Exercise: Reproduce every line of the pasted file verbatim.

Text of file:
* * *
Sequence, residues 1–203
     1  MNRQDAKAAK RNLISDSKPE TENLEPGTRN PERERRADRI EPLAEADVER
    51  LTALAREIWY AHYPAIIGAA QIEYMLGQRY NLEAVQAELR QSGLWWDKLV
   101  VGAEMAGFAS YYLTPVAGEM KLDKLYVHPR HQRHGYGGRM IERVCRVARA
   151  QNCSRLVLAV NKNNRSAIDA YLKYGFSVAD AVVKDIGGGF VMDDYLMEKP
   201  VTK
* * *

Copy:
Sequence, residues 1–203
     1  MNRQDAKAAK RNLISDSKPE TENLEPGTRN PERERRADRI EPLAEADVER
    51  LTALAREIWY AHYPAIIGAA QIEYMLGQRY NLEAVQAELR QSGLWWDKLV
   101  VGAEMAGFAS YYLTPVAGEM KLDKLYVHPR HQRHGYGGRM IERVCRVARA
   151  QNCSRLVLAV NKNNRSAIDA YLKYGFSVAD AVVKDIGGGF VMDDYLMEKP
   201  VTK